A fire broke out this weekend in Brazil, destroying one of the world's largest collections of snakes, spiders, and scorpions. Housed at the Butantan Institute in Sao Paulo, the collection contained roughly 500 thousand dead specimens, which took over 100 years to amass, preserved for research into the creation of serums and vaccines. One official from the institute says the devastation as incalculable, describing the destroyed collection as "a loss for humanity."
According to the report from the news agency Globo, the biomedical research center, which was founded in 1901, was home to the largest collection of snakes in Brazil, and the research conducted there has been instrumental in the development of vaccines. But any future research is undermined by the loss of the roughly 80 thousand specimens. "[The collection] is one hundred years of history. I can not say anything, "said the collection's curator, Francisco Franco.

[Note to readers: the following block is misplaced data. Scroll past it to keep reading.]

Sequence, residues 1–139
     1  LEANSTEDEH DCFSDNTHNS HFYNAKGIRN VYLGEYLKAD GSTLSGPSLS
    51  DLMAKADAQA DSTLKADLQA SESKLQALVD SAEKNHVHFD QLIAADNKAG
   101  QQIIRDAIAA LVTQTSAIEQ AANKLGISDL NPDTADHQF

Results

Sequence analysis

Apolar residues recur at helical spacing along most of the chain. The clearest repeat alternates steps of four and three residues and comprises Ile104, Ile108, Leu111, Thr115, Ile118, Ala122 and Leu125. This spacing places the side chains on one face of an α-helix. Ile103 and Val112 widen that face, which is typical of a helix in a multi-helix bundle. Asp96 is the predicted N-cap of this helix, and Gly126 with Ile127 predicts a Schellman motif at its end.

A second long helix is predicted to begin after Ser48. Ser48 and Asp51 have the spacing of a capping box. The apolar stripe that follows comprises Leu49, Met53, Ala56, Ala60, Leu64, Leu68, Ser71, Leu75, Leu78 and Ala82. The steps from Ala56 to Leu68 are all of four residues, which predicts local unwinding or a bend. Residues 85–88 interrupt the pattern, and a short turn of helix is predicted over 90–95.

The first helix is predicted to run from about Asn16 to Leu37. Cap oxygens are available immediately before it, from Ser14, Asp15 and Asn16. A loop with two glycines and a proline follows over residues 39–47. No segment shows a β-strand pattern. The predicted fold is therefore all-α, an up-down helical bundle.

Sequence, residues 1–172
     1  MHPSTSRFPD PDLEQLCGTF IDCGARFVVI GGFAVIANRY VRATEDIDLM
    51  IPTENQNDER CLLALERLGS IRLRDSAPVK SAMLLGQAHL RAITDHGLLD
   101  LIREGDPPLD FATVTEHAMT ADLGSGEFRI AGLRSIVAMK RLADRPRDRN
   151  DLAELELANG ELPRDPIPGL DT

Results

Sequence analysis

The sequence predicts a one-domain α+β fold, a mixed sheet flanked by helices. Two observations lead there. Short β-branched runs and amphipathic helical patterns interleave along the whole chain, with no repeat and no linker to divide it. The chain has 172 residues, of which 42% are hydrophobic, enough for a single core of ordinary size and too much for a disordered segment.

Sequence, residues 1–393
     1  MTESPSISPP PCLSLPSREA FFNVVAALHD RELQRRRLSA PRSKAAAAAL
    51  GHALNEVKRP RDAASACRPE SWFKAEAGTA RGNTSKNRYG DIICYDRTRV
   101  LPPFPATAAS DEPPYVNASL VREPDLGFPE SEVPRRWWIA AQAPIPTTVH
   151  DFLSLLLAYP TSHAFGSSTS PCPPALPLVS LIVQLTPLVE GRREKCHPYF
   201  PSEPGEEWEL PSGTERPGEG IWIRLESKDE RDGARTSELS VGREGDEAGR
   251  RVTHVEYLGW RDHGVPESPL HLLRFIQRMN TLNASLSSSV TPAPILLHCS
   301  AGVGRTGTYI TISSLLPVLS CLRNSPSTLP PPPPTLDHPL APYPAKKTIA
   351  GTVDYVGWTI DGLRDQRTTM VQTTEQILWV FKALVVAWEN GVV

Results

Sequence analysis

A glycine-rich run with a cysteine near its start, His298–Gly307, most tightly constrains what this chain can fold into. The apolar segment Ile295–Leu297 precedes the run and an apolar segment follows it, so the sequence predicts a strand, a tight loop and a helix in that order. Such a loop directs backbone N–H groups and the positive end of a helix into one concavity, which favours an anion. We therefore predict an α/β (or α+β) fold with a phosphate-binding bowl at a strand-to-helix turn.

We have lost everything and this is a loss for humanity. The snakes... were used as the basis for studies and to increase our knowledge of the biodiversity of snakes. All of the snakes were lost. Today there is nothing left.
The fire began in the early morning, gutting the research facility and destroying the formalin preserved specimens--some of which had yet to be described by biologists. Firefighters did manage to rescue the institute's live animals, but soon had to turn people away from entering the building for fear it would collapse. No one was injured.
A short circuit is suspected to be behind the blaze, though authorities say the investigation is ongoing. Researchers who worked at the facility say that the building was not properly equipped for fires, lacking alarms or a sprinkler system.
Otavio Azevedo Mercadante, who studies snakes at the Butantan Institute, is disheartened by the loss. "The material damage, you recover," he said. "The scientific, no."